I’ve also been on the other side of this, as the conduit for others’ rewiring. When I came out as gay to my friends and family, I realized very quickly that in doing so, I was forcing them to rewire their (mostly incorrect) perceptions of gay people. Most of my friends were shocked because I didn’t “act gay.” (One friend even said to me “but you HATE shopping.”) More often than not, I am the first gay person that people know, and it sends them into a tizzy of mental reconfiguration. In associating “Ben Faulkner” with “gay,” they must deal with the perceptions of gay people they’ve had, some of which may be completely off. It can be tough knowing that you’re the reason for people’s discomfort, but I am learning to let that go. I’m not responsible for others’ misconceptions, their prejudices, or even their misguided hate.
When I taught abroad in Honduras, I was not willing to be the conduit for unlearning prejudice. I was living in a deeply homophobic country, and I couldn’t bring myself to be that conversation starter. My friends encouraged me to—they said I could be that catalyst for real change. But again, it’s not an easy ask of someone who is the object of intense hatred and prejudice. It can lead to harassment, imprisonment, even death.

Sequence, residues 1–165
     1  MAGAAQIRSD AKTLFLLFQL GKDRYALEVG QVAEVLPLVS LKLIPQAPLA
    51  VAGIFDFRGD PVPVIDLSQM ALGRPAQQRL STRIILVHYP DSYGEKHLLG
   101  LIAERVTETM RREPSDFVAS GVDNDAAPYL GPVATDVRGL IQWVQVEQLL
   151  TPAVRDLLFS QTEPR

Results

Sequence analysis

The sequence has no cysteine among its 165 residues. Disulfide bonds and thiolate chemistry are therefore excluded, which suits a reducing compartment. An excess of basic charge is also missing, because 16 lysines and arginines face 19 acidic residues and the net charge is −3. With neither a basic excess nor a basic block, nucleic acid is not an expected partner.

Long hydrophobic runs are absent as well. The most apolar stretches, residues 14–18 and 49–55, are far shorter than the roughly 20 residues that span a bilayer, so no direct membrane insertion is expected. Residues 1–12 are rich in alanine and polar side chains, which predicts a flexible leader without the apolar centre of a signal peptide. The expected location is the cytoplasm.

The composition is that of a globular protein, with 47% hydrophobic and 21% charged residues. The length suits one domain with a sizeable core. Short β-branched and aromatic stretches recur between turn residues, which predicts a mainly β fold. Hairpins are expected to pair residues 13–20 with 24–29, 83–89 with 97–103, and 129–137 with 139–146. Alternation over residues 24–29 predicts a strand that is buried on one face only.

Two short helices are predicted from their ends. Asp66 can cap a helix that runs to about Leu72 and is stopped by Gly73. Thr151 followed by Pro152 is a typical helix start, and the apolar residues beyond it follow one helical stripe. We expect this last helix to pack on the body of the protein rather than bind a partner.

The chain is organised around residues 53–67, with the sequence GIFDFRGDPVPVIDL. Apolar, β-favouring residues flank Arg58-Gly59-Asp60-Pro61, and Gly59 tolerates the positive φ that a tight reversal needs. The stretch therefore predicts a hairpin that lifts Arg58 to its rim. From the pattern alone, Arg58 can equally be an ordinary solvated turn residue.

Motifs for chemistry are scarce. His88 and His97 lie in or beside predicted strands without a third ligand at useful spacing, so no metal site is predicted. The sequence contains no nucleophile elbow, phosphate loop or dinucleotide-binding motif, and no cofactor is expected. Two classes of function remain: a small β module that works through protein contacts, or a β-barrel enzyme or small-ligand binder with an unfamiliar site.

Last year, I had an intensely emotional conversation with one of my students at CCS who was involved in the Black Student Union on campus. She admitted to me, when trying to choose whether to stay in Spokane for her four-year degree, that she wanted to leave because she was tired of being a young, black “woke” woman in Spokane—a city that is over 80 percent white and about 2 percent African-American. She told me stories of how she’d feel the perpetual weight of implicit racism, hate, and bias in a majority-white city, and that to “fill her cup,” she needed to go to a historically black college. However, she also understood the amount of work that was needed in a place like Eastern Washington and wondered if she should continue it here. It was a very powerful conversation. I didn’t have an answer for her. I mostly just listened and told her to follow her heart, as corny as that sounds.